Getting Started IceWatching

Steps to beginning 
IceWatch USA

Step 1 - Sign up to be a Nature Abounds

Step 2 - Select an observation point that can be used each season and in future years and enter a complete
Site Description

Step 3 - Record and report your observations on ice coverage, precipitation, wildlife etc through the
IceWatch USA 
Observation Form

Step by Step - Getting Started as an IceWatch volunteer

1. Select a waterbody location

Almost any waterbody is suitable for study. Waterbodies that are not as good for ice observations are: skinny lakes that run parallel to prevailing winds and are heavily influenced by air and wave movement; Lakes and rivers that are heavily controlled by dams - especially dams operated for hydroelectric facilities - or are affected significantly by upstream water control.

2. Select an observation point

Select an observation point that can be used each season and in future years. It should be readily identifiable so you or the next IceWatch USA contributor can easily find it and repeat the observations for many years to come. For small lakes a location with a view of all or most of the lake surface is preferable. For large lakes, or lakes with convoluted shorelines, a location that allows observation of a readily identifiable portion of the lake surface is preferable. This could be an arm of a separate basin of a large lake. For rivers, an observer should simply be able to see a fairly straight stretch of a gently flowing river that is free of restrictions. On both lakes and rivers select a site that is unaffected by local human influences such as dams, sewage or industrial outlets (currents from these outlets can affect ice thickness and therefore ice breakup for some distance downstream), or agricultural influences such as cattle watering areas, or fish farming operations where aerators are used to keep open water available.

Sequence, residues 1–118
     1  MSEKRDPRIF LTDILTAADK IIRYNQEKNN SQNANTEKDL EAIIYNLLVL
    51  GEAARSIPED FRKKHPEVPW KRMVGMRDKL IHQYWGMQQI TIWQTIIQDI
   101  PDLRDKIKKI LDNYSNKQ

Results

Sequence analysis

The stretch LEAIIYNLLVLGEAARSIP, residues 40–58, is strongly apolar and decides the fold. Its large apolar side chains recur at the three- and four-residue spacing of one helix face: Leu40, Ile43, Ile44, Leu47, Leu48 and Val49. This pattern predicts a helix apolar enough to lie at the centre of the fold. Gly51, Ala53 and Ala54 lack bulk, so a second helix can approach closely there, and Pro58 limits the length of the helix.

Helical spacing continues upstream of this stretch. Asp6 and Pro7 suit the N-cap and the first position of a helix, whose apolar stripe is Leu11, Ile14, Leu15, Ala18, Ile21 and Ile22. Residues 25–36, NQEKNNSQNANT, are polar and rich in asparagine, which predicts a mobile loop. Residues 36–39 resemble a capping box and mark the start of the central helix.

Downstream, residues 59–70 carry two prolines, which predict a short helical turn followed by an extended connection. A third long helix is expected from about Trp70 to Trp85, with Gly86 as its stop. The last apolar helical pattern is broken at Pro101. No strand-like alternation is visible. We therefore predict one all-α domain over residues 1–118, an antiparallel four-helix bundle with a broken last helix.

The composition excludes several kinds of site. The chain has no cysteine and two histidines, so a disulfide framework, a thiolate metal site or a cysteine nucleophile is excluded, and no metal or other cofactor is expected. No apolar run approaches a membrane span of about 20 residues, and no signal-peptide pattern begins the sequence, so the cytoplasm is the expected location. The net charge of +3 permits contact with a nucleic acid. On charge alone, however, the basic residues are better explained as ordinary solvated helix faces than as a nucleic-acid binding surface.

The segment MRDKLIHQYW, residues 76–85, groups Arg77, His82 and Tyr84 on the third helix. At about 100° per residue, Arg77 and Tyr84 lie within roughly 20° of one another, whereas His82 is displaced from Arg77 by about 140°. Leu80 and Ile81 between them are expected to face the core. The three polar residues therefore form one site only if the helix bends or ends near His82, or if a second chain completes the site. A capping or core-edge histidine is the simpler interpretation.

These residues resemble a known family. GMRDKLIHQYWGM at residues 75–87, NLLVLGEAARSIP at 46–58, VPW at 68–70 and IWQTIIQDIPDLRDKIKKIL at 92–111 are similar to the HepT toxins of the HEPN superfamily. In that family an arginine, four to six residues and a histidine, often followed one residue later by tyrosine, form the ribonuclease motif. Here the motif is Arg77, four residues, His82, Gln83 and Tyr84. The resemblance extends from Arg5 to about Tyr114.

3. Select the part of the waterbody you are going to observe

Your observation area could be an entire lake, the middle of a lake, a bay in a lake, or a stretch of river visible from a building, or road location, or any other easily identifiable location. It should be clearly defined so that someone could read your records and continue your observations at exactly the same location. Please remember to accurately describe the location from which you are making the observations. For example, "My observation point is looking south from the upper parking lot at New Providence Beach." Make sure you keep your observation point consistent! If possible, please submit a photo of your waterbody and observation point.

4. Record site description 
 Click to download pdf 

Your site description only needs to be submitted once per site. However, if you change your site, or if something changes at your site, you'll need to submit a new one. On the site description you will give a name to your site and that will be the name you need to fill in on your observation forms so that the data gathered is properly recorded into the database.

5. Watch for snow, ice and wildlife, and then collect your observations
IceWatch USA would like to know the following:

  • The date of your observation
  • Time of observation,
  • Air temperature on the dates you observe changes,
  • Past 24 hour precipitation amount and type (inches / type),
  • What percentage looking from your site point across the waterbody is covered with ice range from 0 (none) to 100 (completely frozen over),
  • Wildlife seen, heard, tracks, or anything else you feel is worthy of a note,
  • The date the ice completely disappears from the lake, bay or river, often referred to as "Spring Thaw",
  • Sign, date, file (your copy) and send in a copy of your observations to us for inclusion in the IceWatch USA database.
These observations are important as they provide researchers with the length of ice duration (if any) or the associated length of the ice-free season of a waterbody. For example, sometimes ice will entirely cover waterbodies but then warm weather will cause the ice to partially or totally melt. Or if you live in South Florida, your waterbody may never ice over. Freezing and thawing of waterbodies may happen once, several times, or not at all. Likewise, sometimes ice will entirely melt in the spring, and then returning cold weather will cause the lake, bay or river to freeze partially or completely again. The combined information give researchers a better understanding of the process of ice formation and breakup, and whether these ice processes themselves are changing. This data will form the core of the IceWatch USA program. 

6. Record your observations on the Observation Form

Accurately record your observations on the IceWatch USA Observation Form. File paper copies of your observations where you or another observer can find them next season.

7. Submit your observations to the IceWatch USA Coordinator

by emailing them to, through the on-line system (coming soon), or by mailing them to

Nature Abounds 
PO Box 506 
DuBois, PA 15801